“He’s genuine. He’s caring. He’s very humble, and he doesn’t have an arrogant bone in his body,” Smith said. “I see him at games, and kids want him to sign the ball—he doesn’t turn anyone down. He has a heart of gold.
12:52 pm: Volpe, as in no. The 9 hitter is the last player still in the dugout as the Yankees are introduced.
He comes running to roar. In the Volpe family section, clapping is done and hands are joined with hearts.
1:11 pm: The roll call of bleacher creatures reaches Volpe, who turns toward the right-field bleachers, pulls up his jersey and kisses the interlocking NY on his chest.
“I remember [Aaron Judge] Did last year,” Volpe said.
1:22 pm: Judge smashes a first inning home run to center field and returns to the dugout, where he stands with Volpe on the top step. The two talked for several minutes.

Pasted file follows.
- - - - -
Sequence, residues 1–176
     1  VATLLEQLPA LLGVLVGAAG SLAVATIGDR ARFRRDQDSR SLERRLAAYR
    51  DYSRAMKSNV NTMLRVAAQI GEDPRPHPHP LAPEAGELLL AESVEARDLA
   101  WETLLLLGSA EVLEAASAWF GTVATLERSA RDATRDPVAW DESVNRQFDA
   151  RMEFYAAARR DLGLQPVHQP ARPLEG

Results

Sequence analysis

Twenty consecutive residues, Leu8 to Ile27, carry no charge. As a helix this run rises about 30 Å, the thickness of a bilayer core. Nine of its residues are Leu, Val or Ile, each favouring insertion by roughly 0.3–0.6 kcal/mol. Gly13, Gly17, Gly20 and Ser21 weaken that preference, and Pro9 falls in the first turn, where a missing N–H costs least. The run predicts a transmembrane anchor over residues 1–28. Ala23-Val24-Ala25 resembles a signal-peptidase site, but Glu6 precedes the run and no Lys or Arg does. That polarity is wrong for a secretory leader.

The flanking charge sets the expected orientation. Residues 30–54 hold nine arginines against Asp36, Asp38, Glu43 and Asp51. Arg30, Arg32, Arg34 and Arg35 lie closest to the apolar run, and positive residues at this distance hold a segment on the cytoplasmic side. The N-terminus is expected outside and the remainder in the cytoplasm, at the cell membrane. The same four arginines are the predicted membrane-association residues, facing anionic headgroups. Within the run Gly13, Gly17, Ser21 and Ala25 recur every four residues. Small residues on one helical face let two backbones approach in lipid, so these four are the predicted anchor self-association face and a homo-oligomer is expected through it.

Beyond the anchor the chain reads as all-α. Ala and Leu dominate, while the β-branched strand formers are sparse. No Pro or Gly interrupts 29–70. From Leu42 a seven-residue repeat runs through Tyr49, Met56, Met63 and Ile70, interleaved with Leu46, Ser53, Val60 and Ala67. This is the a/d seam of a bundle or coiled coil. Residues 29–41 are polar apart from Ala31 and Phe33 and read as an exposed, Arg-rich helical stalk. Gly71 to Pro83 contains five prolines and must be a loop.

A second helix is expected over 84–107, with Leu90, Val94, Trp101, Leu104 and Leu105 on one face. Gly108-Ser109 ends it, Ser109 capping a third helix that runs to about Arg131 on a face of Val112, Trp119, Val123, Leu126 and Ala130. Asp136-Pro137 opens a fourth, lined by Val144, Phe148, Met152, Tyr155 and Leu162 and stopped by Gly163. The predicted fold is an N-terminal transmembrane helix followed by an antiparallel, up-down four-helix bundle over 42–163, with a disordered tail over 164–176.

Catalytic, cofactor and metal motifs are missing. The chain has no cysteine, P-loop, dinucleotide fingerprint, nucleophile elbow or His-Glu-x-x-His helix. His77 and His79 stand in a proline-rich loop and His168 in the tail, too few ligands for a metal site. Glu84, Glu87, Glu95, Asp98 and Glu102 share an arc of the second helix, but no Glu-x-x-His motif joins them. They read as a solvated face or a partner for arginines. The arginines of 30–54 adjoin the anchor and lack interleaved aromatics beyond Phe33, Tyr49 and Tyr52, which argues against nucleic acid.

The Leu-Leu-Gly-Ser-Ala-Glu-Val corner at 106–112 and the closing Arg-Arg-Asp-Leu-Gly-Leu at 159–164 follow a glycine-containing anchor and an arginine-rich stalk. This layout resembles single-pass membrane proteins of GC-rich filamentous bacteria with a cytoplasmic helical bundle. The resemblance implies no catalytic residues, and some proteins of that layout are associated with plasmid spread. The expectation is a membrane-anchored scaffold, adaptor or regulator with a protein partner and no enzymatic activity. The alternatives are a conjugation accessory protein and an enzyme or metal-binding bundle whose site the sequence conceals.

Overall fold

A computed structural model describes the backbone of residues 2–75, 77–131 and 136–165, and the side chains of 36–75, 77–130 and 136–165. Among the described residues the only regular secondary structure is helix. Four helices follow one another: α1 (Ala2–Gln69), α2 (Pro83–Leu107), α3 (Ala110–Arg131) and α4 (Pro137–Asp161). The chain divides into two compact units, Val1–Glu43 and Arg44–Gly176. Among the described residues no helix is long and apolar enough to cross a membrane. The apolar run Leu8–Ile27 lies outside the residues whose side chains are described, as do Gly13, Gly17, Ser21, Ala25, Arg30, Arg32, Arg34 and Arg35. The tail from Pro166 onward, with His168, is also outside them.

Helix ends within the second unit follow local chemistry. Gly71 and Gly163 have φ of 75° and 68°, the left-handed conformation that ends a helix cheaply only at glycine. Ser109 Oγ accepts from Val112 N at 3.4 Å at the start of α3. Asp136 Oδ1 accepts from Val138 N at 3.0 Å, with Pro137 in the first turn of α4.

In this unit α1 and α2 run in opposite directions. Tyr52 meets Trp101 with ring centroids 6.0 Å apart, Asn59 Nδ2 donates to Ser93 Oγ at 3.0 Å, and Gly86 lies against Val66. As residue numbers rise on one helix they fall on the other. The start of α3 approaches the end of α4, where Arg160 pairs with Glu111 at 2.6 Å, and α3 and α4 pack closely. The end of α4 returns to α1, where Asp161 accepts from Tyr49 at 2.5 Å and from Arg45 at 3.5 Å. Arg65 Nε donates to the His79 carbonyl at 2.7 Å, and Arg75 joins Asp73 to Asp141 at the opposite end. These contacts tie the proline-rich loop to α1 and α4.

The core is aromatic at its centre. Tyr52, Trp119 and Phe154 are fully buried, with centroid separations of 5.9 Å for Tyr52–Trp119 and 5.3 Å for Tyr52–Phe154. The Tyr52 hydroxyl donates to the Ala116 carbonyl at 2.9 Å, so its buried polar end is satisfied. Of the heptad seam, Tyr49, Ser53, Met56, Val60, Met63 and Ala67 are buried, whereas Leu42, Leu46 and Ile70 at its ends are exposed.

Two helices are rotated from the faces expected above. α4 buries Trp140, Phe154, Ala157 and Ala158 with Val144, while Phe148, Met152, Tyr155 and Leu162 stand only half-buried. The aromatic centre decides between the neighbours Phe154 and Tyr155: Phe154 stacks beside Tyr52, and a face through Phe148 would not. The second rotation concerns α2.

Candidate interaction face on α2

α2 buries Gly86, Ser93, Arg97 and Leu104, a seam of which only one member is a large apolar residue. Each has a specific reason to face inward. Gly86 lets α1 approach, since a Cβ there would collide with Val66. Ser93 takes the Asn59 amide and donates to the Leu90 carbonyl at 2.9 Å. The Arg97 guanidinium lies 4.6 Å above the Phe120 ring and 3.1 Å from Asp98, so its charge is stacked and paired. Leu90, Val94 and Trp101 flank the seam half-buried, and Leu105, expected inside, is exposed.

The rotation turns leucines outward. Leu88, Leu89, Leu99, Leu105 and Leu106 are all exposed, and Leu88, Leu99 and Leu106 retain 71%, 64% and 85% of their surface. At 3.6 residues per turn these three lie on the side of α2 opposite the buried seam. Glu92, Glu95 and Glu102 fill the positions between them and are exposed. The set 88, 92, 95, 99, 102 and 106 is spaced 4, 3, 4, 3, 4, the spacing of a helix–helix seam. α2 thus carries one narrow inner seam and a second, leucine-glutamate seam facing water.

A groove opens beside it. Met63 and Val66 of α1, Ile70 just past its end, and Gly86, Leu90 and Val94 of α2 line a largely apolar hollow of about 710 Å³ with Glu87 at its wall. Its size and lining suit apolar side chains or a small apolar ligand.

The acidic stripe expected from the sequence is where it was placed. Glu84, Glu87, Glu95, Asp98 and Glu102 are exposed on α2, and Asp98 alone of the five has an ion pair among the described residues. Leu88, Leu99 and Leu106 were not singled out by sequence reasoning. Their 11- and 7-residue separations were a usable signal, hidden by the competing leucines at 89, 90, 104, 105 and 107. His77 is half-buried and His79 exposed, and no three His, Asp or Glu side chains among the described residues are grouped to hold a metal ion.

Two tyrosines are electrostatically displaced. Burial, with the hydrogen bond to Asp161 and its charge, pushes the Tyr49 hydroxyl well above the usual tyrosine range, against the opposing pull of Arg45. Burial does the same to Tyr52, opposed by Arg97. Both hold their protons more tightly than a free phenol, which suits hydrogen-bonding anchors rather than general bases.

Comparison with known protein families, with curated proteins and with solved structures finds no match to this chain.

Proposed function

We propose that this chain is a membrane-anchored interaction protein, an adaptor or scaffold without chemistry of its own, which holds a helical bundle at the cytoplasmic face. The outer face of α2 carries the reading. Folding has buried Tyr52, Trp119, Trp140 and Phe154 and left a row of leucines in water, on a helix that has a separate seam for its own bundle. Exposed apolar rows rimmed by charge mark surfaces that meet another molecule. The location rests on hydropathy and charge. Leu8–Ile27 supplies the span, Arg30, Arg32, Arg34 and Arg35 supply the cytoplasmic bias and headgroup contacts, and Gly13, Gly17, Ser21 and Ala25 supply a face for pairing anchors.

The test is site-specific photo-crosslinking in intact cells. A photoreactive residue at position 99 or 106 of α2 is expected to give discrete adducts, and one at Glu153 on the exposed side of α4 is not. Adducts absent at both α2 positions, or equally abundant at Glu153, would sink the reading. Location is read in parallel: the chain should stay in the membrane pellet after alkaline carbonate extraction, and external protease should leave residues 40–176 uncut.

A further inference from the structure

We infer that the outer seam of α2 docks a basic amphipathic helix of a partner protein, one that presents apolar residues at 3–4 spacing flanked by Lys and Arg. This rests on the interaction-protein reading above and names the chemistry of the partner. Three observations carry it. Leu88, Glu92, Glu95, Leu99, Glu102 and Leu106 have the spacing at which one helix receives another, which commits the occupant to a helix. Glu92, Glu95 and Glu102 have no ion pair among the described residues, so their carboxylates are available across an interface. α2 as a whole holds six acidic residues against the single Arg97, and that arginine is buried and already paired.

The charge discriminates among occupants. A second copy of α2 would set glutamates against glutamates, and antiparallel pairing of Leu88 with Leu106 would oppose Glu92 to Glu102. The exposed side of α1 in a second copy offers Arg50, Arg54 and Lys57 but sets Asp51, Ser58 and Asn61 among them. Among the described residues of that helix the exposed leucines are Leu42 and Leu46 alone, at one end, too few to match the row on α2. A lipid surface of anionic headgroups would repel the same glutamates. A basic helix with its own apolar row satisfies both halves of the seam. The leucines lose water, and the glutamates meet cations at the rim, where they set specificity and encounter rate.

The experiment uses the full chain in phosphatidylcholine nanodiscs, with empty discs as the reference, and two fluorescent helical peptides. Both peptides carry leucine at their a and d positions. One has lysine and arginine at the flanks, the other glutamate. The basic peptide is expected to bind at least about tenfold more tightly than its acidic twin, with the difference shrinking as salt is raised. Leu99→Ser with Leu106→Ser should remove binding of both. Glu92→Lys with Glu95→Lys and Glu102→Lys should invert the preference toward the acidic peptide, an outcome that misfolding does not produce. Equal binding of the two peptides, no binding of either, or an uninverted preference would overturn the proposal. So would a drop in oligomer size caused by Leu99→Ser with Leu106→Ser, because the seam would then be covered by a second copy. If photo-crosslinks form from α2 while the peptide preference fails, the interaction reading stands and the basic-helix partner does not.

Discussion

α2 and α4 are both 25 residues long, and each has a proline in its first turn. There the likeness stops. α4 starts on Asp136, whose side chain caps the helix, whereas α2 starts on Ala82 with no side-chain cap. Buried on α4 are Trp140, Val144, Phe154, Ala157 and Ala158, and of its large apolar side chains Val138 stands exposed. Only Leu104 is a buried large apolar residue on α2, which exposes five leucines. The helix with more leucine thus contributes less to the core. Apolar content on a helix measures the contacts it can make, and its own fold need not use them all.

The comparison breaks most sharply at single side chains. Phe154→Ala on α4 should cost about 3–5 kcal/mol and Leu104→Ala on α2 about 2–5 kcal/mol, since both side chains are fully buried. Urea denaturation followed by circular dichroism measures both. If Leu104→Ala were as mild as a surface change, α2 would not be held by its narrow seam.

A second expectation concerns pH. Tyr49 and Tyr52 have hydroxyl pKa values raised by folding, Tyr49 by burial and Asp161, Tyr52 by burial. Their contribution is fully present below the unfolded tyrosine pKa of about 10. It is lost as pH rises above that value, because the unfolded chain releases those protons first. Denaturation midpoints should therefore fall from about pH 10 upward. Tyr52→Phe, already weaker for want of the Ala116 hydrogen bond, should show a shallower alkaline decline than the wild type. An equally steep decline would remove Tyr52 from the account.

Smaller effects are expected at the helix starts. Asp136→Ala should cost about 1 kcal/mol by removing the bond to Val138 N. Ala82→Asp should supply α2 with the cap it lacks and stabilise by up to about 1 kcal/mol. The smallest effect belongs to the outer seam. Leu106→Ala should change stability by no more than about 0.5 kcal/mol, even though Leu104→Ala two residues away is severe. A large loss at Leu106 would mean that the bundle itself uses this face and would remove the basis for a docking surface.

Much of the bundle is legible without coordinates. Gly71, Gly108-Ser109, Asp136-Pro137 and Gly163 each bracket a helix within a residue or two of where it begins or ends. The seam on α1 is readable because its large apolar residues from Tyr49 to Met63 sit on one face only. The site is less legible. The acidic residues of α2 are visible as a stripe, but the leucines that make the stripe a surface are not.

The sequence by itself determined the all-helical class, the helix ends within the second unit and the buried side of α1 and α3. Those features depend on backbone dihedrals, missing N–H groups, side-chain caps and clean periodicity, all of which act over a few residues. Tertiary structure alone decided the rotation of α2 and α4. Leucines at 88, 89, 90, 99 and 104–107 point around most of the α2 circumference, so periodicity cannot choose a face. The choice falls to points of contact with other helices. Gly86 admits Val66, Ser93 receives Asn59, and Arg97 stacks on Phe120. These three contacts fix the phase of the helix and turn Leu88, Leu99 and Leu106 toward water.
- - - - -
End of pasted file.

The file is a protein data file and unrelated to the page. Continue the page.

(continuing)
Judge said, “He was asking me how the pitches looked.” “I was just trying to give him a little scouting report.”
1:52 pm: “Leading for the New York Yankees. Shortstop. Anthony Wall-Pe.
The crowd stands up.
Volpe works to a full count, and several people in his family’s cheering section plead with the fans to get louder. He sees ball four, and literally jumps for joy at the block.
1:56 pm: The speedy Volpe inspires a pickoff attempt from Giants ace Logan Webb – while Volpe stands on base.
Two pitches later, Volpe stole his first career base. Volpe, who had stranded at second, was hit by Aaron Boone’s fists upon returning to the dugout.